The 7-14mm F4 ASPH is an ultra-wideangle zoom for the Micro Four Thirds system, and offers a compelling combination of small size and extreme angle of view. Image quality is very good indeed, and autofocus is fast and silent. However the bulbous front element means that the lens doesn’t accept filters. The Olympus M.Zuiko Digital ED 9-18mm 1:4.0-5.6 offers a cheaper – but less wide – alternative with broadly similar image quality.
Panasonic Lumix G Vario 7-14mm F4 ASPH Lens (Micro Four Thirds Mount)
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“ For a lens that's so wide and so small, its image quality is very impressive indeed.”
- 7-14mm focal length
- 14-28mm equivalent focal length on Micro Four Thirds cameras
- F4.0 constant maximum aperture; F22 minimum
- Image stabilization, via camera body where available
- 0.25m/9.84" minimum focus
- Micro Four Thirds mount for Micro Four Thirds interchangeable lens cameras
|Lens type||Zoom lens|
|Max Format size||FourThirds|
|Focal length||7–14 mm|
|Image stabilisation||Yes (via camera body where available)|
|Lens mount||Micro Four Thirds|
|Number of diaphragm blades||7|
|Aperture notes||rounded blades|
|Special elements / coatings||4 ED glass elements 2 aspherical elements|
|Minimum focus||0.25 m (9.84″)|
|Full time manual||Yes|
|Weight||300 g (0.66 lb)|
|Diameter||70 mm (2.76″)|
|Length||83 mm (3.27″)|
|Zoom method||Rotary (internal)|
|Filter notes||no filter thread|
|Hood product code||built-in hood|
Scoring is relative only to the other lenses in the same category at the time of review.
|Ergonomics and Handling||
Panasonic has produced an ultra-wide zoom for Micro Four Thirds that is a technological tour de force. Compact and with excellent image quality, it's a superb lens if you can afford the high price.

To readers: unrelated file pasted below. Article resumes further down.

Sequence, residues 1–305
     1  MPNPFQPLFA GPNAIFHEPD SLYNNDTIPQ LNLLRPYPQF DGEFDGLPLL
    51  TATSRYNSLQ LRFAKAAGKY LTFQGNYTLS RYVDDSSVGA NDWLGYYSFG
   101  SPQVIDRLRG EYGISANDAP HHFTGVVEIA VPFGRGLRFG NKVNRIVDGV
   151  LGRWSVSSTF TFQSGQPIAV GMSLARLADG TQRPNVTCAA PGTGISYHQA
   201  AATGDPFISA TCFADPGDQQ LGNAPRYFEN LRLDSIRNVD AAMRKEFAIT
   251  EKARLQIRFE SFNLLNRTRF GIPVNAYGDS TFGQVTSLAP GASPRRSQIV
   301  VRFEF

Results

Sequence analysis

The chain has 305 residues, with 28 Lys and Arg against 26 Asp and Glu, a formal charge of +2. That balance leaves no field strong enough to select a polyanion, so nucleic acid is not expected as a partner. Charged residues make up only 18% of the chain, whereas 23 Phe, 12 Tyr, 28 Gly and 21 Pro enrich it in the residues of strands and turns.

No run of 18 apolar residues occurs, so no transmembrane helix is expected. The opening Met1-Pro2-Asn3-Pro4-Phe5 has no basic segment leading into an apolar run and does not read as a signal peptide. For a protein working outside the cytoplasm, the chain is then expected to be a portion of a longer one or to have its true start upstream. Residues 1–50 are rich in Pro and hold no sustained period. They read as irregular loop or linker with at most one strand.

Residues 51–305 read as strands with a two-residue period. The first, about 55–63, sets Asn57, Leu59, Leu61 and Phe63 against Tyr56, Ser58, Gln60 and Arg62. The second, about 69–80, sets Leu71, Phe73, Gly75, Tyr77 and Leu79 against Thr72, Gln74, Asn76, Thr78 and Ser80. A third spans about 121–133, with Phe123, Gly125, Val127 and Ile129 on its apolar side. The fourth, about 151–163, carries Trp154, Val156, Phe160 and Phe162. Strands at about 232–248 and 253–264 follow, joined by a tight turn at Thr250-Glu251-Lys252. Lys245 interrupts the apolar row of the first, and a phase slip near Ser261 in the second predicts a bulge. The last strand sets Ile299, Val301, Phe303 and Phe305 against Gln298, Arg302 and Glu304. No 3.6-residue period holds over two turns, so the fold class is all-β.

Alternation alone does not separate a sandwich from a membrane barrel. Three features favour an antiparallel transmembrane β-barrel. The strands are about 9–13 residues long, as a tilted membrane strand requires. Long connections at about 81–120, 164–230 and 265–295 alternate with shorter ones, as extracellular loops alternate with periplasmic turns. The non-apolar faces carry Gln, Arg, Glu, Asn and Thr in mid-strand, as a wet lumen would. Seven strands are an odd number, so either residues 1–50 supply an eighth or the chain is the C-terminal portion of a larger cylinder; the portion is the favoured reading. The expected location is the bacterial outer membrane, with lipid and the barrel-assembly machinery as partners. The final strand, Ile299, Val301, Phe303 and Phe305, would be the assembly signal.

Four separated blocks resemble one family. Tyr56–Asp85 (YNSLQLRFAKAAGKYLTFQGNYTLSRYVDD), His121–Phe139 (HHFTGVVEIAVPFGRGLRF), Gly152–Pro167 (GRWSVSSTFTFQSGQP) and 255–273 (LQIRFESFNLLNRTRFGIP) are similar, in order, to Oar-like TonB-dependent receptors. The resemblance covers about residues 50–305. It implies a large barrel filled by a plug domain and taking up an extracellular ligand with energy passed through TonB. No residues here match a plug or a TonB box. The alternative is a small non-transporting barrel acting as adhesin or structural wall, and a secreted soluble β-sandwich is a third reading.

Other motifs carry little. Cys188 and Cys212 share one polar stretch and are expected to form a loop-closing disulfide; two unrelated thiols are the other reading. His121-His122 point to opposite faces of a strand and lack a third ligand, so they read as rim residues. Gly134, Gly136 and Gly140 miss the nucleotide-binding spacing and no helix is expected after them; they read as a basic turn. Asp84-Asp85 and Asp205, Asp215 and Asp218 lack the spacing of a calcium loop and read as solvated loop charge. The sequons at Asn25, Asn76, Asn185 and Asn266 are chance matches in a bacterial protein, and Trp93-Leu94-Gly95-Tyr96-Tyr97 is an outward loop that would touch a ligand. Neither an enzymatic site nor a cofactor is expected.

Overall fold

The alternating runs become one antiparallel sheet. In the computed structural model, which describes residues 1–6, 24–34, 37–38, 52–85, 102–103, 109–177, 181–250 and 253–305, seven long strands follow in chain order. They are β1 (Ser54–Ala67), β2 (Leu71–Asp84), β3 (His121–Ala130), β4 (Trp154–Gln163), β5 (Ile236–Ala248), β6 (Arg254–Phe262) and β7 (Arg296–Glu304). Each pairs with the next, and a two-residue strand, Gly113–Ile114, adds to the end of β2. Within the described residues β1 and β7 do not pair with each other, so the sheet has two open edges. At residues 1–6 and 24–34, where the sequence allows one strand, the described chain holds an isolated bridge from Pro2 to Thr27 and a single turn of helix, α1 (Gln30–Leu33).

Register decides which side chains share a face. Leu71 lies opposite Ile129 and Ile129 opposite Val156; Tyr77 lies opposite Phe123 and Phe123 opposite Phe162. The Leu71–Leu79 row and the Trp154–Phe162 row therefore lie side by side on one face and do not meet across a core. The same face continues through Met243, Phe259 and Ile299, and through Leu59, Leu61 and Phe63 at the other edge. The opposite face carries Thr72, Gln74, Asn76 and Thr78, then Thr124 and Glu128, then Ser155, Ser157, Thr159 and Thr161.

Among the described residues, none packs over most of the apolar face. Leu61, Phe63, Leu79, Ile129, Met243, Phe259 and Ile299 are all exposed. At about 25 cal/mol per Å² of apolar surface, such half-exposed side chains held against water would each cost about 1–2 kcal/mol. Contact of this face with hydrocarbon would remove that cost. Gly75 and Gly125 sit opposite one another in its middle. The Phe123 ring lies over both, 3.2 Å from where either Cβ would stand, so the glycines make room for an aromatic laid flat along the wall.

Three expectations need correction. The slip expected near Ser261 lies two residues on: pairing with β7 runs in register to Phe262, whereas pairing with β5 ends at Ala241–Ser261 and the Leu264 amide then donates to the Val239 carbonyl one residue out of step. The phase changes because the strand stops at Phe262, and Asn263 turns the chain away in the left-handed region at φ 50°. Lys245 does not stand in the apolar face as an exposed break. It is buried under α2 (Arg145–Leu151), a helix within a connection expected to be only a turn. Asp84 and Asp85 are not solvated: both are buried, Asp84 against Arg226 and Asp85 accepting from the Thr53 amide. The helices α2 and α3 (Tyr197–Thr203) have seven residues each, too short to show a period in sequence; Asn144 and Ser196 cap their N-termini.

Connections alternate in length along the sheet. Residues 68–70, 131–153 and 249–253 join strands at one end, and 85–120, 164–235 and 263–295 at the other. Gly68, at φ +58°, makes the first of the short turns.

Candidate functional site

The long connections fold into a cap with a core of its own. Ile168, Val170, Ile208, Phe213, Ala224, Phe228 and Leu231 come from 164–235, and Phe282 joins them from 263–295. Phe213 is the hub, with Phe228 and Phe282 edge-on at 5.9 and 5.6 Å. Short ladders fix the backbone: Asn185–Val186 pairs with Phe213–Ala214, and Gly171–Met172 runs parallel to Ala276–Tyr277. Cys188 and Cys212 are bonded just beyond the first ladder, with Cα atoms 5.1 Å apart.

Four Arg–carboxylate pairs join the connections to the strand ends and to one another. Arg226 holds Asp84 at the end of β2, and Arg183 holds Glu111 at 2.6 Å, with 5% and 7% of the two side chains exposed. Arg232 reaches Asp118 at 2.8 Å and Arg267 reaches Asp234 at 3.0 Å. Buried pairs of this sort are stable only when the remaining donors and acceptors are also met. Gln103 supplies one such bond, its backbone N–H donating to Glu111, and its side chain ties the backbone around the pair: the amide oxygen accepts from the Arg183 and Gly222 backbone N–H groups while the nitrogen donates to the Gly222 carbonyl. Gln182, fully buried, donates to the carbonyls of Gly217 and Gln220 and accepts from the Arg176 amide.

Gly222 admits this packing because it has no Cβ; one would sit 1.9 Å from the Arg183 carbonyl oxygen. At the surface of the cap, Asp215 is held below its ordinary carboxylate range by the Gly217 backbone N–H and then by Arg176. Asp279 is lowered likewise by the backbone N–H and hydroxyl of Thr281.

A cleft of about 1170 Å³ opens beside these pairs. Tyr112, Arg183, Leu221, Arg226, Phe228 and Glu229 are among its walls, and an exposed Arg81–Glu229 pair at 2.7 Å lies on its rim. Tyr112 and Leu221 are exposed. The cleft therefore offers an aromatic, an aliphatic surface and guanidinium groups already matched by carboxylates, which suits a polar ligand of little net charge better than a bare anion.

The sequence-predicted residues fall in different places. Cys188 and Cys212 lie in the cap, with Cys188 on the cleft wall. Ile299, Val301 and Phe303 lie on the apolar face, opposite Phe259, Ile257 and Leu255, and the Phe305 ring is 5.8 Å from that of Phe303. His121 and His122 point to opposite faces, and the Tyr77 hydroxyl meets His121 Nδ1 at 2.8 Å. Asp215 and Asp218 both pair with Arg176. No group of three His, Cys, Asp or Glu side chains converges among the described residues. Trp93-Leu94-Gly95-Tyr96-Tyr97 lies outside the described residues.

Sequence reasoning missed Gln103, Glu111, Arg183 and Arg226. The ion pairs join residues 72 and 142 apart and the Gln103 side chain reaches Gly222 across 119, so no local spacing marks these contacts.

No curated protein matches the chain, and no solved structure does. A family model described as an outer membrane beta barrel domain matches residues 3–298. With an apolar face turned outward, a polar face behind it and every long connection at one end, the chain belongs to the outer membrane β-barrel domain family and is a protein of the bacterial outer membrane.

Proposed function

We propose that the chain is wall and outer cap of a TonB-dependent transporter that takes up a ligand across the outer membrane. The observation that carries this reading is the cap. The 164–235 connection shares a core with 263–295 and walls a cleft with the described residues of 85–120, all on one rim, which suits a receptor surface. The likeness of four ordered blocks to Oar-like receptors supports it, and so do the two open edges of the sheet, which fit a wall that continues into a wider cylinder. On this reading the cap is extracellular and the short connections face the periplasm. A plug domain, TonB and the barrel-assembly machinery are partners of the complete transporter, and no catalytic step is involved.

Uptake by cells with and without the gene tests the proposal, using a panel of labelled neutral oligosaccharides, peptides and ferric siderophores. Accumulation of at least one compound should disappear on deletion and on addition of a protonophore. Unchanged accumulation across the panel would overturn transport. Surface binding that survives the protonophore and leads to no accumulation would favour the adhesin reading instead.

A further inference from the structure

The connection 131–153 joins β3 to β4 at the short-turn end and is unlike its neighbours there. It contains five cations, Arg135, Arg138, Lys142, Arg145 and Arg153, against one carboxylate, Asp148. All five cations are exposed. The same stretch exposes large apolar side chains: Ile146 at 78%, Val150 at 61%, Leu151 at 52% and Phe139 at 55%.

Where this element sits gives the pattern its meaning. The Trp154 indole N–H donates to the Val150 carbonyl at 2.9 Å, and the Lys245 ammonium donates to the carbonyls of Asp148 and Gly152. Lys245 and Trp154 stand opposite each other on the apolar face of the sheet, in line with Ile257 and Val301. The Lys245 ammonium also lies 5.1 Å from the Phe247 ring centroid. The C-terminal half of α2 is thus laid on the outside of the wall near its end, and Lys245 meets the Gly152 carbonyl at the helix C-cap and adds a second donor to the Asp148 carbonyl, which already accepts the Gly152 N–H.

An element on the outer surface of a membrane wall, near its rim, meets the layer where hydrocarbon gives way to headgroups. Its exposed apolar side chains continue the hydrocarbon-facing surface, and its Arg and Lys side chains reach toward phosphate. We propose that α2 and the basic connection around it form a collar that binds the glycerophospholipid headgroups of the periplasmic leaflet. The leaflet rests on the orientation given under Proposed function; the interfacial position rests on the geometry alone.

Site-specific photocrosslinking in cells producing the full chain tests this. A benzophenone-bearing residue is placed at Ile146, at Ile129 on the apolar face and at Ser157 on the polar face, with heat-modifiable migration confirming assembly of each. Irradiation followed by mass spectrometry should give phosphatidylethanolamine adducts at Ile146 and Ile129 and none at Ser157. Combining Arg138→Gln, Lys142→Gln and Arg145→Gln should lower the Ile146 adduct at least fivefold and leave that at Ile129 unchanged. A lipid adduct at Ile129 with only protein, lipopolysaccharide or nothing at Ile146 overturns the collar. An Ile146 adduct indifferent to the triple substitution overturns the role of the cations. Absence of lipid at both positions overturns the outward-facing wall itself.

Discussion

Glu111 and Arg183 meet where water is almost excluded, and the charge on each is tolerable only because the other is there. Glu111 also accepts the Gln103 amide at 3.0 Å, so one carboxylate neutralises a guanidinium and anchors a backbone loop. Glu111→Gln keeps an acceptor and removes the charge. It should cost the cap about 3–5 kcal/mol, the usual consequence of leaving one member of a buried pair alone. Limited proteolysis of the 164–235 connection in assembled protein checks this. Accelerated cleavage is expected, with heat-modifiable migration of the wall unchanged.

Landscape or travel photographers looking for a highly portable ultrawide zooms
Not So Good For
the best zoom for panasonic GH2
Very good if you can afford it.
One of the first released m4/3 lenses but despite of that definitely in top of the m4/3 lenses in features and performance. Shorter flange back distance of mirrorless mount allows lot less extreme retrofocus design than for 4/3 DSLRs and makes size lot smaller than any similar ultra wide SLR zoom lens. That makes it nice small to carry in general landscape/nature photography package. For size and ambitious field of view optical performance is very good though lossy software cover up of ...
Useless with Olympus OM EM-5
Good, sharp lens. But it doesn`t work with Olympus OM EM-5 or any other Olympus. Some reflections appears when you try to take picture in this combination having any bright thing in or near of the frame. The reflections as sharp as you can see all parts of the window for example and it can appear on any part of the frame. I was very disappointed. Nobody has told me about this problem and i suppose that nobody knows about it. I tried to to ask Olympus and Pansonic offices about this problem, ...
Spectacular ultra wide angle for M43
This ultra wide angle has the same specification as its 4/3 counterpart, but is far more compact and small, which is the benefit of the mirrorless system. 7mm is a very creative focal length which gives impressive results. In addtion, the iimage quality is very high, on par with the excellent 4/3 7-14. Focus is also instant on Panasonic cameras. Build quality is also of very high standards, though it's not made of metal, it feels sturdy in your hands. The only downside of this lens is that ...
Any benefit to getting a Pany Body if I have an Oly E-PL5?
Hi all, I recently picked up the Panasonic 7-14mm wide. I'm getting really bad CA and fringing using it on my Oly body. If I got a Panasonic GX1 body and shot with Pany lenses on it would I see an improvement with CA? I shoot in RAW and I'm not sure if the Panasonic in body CA correction happens before the RAW data is written or if it only applies to in camera produced JPGs. Here's an example: - Jeremy
Yes, the correction actually happens even before the light hits the sensor, because the Panasonic bodies have built-in filters that remove more of the problematic light (right at the edge of viewable) than the Olympus ones. The good news is that you don't have to get a new body. See this thread: http://www.dpreview.com/forums/post/51390321 Continue Reading
If you can afford the lens, you can afford an inexpensive Panasonic body to get the best out of it. yes, you will see less purple fringing on Panasonic cameras, and the purple flare will just be regular less obnoxious-looking flare. I'd recommend the G5 if you can find one cheap. Not that they are very deluxe cameras, but the G5 has a better sensor than the GX1, plus a viewfinder. Continue Reading